Research by scientists in the Gulf of Mexico has found dolphins who died following the 2010 BP Macondo oil spill had rare lesions linked to petroleum exposure.
The study, researchers said, showed dead dolphins tissue rounded out into a spike in the region affected by the oil spill five years ago.
After millions of barrels of crude oil spilled into the region, dolphin deaths were seen around coastal Louisiana, Alabama and Mississippi, according to the NOAA (National Oceanic and Atmospheric Administration).
It was found more than 1,200 cetacean marine mammals, mostly bottlenose dolphins, have been found beached or stranded since the spill.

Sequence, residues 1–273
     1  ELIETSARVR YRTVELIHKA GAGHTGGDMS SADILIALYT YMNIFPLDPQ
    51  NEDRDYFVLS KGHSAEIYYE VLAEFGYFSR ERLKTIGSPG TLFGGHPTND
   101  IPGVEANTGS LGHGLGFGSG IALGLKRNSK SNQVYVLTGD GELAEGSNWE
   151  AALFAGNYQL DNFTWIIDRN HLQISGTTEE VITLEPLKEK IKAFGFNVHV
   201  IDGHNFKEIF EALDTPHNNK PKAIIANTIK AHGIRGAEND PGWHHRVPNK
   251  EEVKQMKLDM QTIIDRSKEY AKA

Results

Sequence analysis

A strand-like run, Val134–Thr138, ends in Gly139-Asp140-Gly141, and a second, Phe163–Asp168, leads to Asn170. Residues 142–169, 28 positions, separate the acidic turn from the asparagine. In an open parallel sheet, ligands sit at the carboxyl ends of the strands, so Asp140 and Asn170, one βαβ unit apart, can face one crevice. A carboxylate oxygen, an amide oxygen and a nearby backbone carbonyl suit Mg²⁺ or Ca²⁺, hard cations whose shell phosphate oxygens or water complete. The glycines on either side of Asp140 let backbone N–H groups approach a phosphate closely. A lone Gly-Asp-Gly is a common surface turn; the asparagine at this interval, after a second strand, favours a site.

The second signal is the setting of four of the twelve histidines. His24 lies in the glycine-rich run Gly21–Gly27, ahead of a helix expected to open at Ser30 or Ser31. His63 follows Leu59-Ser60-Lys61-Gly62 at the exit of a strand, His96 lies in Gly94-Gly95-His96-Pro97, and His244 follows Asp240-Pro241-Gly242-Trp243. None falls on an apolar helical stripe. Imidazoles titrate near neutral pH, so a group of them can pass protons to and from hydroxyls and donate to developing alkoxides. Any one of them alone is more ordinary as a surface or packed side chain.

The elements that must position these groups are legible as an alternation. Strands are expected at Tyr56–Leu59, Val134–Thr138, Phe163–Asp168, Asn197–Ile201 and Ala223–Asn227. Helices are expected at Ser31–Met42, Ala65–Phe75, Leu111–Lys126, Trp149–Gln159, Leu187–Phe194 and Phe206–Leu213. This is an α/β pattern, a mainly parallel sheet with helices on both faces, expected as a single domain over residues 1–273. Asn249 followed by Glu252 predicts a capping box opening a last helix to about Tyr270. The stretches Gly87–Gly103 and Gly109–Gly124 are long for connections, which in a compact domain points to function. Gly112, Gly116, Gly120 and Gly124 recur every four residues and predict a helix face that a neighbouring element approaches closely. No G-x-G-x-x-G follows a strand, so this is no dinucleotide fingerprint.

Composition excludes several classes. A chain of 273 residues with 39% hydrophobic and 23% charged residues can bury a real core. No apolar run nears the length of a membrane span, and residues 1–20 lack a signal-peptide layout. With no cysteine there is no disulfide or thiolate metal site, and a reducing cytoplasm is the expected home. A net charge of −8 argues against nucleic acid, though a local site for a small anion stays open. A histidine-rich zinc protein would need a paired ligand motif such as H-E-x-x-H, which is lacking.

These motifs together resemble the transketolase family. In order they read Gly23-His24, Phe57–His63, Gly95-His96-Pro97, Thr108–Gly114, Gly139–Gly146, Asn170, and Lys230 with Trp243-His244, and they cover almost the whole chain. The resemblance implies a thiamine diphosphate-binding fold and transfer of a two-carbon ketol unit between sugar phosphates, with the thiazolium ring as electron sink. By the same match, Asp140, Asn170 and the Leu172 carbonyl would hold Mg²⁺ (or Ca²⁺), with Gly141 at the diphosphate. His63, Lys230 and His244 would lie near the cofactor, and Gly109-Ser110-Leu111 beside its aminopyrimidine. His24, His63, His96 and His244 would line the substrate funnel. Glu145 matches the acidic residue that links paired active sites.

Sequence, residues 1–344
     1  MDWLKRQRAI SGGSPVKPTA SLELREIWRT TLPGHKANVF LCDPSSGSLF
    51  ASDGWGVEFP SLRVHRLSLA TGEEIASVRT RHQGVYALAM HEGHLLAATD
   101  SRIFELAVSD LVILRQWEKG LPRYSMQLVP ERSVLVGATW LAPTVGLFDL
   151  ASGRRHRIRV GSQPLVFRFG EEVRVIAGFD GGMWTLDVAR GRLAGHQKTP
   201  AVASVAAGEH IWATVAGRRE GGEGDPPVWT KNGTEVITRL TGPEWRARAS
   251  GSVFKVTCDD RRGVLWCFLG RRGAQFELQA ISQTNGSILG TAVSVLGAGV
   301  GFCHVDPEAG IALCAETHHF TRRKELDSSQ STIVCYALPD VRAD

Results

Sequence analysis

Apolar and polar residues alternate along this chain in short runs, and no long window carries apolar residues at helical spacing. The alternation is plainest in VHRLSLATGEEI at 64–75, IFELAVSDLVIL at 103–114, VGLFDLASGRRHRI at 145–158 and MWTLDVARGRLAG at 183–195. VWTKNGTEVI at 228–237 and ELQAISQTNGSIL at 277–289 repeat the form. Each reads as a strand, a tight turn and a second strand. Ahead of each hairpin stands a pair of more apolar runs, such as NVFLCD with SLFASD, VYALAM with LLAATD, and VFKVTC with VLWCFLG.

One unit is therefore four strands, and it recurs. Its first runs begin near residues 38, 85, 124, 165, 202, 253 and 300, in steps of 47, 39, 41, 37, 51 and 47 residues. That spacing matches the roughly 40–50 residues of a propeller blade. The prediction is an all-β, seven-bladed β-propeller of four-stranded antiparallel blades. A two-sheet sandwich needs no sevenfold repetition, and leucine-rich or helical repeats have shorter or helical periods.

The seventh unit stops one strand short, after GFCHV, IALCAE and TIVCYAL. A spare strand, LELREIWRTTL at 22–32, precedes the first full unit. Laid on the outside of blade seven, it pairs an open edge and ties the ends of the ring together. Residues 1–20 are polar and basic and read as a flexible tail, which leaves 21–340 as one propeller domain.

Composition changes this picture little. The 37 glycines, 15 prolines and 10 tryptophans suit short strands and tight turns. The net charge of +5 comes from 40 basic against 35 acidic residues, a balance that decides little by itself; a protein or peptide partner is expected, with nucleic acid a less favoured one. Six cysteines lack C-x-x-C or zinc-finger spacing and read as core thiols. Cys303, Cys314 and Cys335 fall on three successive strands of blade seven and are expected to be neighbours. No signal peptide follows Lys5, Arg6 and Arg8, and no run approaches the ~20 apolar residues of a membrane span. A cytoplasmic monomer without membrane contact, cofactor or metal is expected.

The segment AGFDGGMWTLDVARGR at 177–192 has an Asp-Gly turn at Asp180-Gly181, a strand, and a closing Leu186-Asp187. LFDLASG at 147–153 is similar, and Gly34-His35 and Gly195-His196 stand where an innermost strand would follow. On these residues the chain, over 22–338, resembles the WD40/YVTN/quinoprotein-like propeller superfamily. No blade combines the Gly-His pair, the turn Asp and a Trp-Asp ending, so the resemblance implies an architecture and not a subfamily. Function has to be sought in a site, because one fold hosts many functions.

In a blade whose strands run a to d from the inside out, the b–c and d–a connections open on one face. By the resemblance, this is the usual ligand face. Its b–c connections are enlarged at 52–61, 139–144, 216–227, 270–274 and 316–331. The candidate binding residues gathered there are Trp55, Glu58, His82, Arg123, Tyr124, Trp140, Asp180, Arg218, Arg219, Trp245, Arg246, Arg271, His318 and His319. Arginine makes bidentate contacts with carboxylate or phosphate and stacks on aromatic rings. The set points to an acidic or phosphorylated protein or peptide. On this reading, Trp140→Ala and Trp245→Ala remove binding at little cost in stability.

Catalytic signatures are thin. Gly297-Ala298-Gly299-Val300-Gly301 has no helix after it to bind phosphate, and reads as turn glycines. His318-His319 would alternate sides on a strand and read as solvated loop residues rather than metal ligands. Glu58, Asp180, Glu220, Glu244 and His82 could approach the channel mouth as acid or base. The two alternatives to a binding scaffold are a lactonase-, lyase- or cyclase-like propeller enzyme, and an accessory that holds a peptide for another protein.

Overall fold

The rate has been described as an ongoing “unusual mortality event” under the 1972 Marine Mammal Protection Act.
Researches compared tissue samples from 46 dolphins in areas affected by the spill with 106 dolphins that were not exposed.
A third of the dolphins exposed to oil had suffered rare adrenal damage, which was consistent with petroleum exposure.
Only 7% of dolphins away from the spill had similar adrenal disease.
Dolphins found near the spill were also found to be more likely to have lung damage and pneumonia, researchers found.
A BP spokesman responded to the study and said:”The data we have seen thus far, including the new study from NOAA, do not show that oil from the Deepwater Horizon accident caused an increase in dolphin mortality.”